Raj Kamal Jha, in his novel ‘She will build him a City’, is a master weaver, who does not shy away from narrating complex stories of common people and manages to create a sense of completion through fragmentation – a master narrator performing at his best through his skilled craftsmanship. Jha’s unapologetic handling of the intricate and layered narrative as a novelist stems from his innate desire as an investigative journalist, “to tell stories … that others do not tell … that do not want to be told … and if not told may never get told” (Mumbai Press Club). At the very onset, Jha sets the tone of the foreboding darkness of an intensely dense megacity of Delhi of the 21st century, while using quotes from Dickens’ ‘Oliver Twist’ from the 19th century as the epigraph to his novel. Thus, ‘She will build him a City’ is a novel where the real and imaginary worlds merge, dreams and hopes look real, and reality looks fleeting, where a sense of déjà vu prevails, where timelines collapse into each other, memories get built upon losses, concepts of love and evil twists into ugly and delicate fragments, and where the main protagonist emerges as the city of Delhi itself; a city claiming lives with its own rage that is described through the stabbing painful summers, dark winters, and the secretive veils of the midnight.
Delhi in this novel exists as a living and breathing entity, playing amajor part in shaping the plot and the narrative. Peripheries in the city play their own special role in formulating how the characters interact within the city, or mimic the city, or even interact among themselves crossing paths in the city. Jha brings about this aspect through the representation of various city spaces forming their own metonymy: the metro which has various intestine-like curves and lines dividing the city into its poor and rich sections; the park for rich children where poor children are not allowed in; the school where hundreds apply to, but only a select few ‘lucky’ children receive admissions; the orphanage where children with special needs receive secondary preference; a hospital that is a viral battle ground for increasing impatience and protests; the highways that has cars running like blood through its veins; the new buildings that emerge on farmlands like cells in a muscle; the separate elevators that lurk in dark corners to be accessed only by ‘servants and pets’ to reach the affluent apartment complex filled with greenery; the swimming pool that’s built on the farm lands, where generations of farmers just live like cockroaches in nooks and crannies – unseen and unheard; the mall that has glass borders which only in the fantasy world can the underdogs of the city cross over; the darkness of the movie theatre that’s almost a mini version of the city in itself; the movie screen where at times reality merges with fantasy; and the ‘Opaar’ village that is represented as the unknown other side, apart and away from the city.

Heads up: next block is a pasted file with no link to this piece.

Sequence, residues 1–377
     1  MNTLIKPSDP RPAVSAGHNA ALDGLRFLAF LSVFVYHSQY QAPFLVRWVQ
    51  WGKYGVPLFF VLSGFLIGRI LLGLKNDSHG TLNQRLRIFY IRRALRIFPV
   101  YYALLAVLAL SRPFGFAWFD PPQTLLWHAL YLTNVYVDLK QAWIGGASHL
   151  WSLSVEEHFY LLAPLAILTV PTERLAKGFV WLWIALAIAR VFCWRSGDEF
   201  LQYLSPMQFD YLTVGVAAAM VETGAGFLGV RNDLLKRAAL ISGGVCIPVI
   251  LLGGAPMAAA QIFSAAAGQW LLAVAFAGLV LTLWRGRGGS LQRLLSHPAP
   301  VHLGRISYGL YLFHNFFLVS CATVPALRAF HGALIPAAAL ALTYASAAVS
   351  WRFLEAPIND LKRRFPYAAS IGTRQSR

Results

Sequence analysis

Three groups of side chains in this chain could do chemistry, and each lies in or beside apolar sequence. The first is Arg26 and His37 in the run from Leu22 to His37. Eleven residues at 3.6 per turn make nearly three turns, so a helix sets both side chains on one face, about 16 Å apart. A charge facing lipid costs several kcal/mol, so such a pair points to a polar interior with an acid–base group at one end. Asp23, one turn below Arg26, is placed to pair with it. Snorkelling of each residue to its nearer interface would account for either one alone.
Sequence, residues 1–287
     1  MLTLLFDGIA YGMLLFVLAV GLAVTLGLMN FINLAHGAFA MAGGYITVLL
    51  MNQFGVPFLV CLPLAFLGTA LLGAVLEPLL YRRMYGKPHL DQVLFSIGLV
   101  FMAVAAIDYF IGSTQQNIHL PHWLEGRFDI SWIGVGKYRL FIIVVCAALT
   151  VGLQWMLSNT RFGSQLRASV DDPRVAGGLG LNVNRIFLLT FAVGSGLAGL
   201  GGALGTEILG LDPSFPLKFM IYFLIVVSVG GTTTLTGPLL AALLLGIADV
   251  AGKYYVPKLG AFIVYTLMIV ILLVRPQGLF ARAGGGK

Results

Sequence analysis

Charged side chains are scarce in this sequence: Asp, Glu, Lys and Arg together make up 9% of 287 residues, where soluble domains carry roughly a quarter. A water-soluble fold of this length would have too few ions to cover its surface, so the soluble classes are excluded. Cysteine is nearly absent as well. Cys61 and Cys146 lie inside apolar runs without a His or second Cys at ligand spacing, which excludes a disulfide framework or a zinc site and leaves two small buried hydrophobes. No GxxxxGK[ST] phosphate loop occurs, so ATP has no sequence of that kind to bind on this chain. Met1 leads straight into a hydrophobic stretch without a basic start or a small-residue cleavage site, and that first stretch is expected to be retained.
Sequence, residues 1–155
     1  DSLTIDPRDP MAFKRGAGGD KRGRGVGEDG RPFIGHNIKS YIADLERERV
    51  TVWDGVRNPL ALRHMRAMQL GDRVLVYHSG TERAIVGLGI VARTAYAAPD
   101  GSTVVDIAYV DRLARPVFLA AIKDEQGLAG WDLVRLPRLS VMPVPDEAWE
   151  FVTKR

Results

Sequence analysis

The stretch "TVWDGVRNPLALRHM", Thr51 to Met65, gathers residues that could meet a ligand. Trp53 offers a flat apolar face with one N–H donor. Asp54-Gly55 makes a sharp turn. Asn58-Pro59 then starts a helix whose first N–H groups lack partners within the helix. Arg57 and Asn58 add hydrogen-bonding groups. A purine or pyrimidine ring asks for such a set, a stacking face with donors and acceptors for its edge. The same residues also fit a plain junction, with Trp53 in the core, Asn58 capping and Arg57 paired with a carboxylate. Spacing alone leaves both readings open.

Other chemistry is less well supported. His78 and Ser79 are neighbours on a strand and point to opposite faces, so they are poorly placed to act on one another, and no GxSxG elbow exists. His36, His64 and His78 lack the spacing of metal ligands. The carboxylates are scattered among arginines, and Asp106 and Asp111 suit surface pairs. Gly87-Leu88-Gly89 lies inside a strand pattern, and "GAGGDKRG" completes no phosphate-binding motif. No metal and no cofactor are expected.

Such convolutions and the layered confusion, brought about by the deliberate polyphonic structure of the novel can be seen through some of the fleeting characters and spaces that emerge and then vanish off, not playing too major a role in the plot, but lending a slippery texture to the narrative. Through such a structure, Jha shows us an inkling of how people momentarily come together in this megacity, and how their conflation of voices represent disappointment, despair, neglect, fear, and hope. He quite deliberately ensures that the novel is read with a disturbing sense of awareness that stratified voices exist in the city: voices of the rich, the poor, the represented, the underrepresented, voices of the people living in those dark corners of the city where television cameras do not reach; where contradictory worlds live right across the street to each other and frequently step across each other’s periphery; flitting in and out at the physical, emotional, and psychological levels. Jha ensures he writes not to make his readers comfortable, but to shake them to the very core through thought-provoking details, gloomy metaphors, and dark satire. And this structure works brilliantly well to create an overall cohesive image of the Indian megacity of the postmodern era.
Though the core of the book deals with an orphan who steps into the unknown frightening world alone, the novel is essentially about memory; a memory that’s a product of loss, which is both foreboding and fascinating at the same time. In a modern megacity like Delhi where a huge part of the population is below the age of thirty, the novel begins where hope of the youth ends, where the characters cannot reclaim their lives anymore. Through his portrayal of characters, Jha asks the question of what does one do when the bubble of the megacity bursts and one can no more hold on to a solid foundation of a structure. Is one left with only lament and despair, or can one still keep living with new-formed hope? Thus, the dominant impulse of this novel is about people, how they build and rebuild hope by formulating an imaginary world for themselves; carrying their own versions of the city within themselves. Thus, this novel was named ‘She will build him a City’, ensuring perpetual hopefulness keeps building even while living in a dark world. This novel is a must-read for nuanced readers who would want to enjoy delicate scenes like a small baby riding a loving dog, or a fairy-like child dancing delicately among the stars in her after-life, side by side with foreboding scenes of rapes and murders, dirty politics and damages of a growing economy, happening in the most casual of manners alongside each other in a highly stratified social space.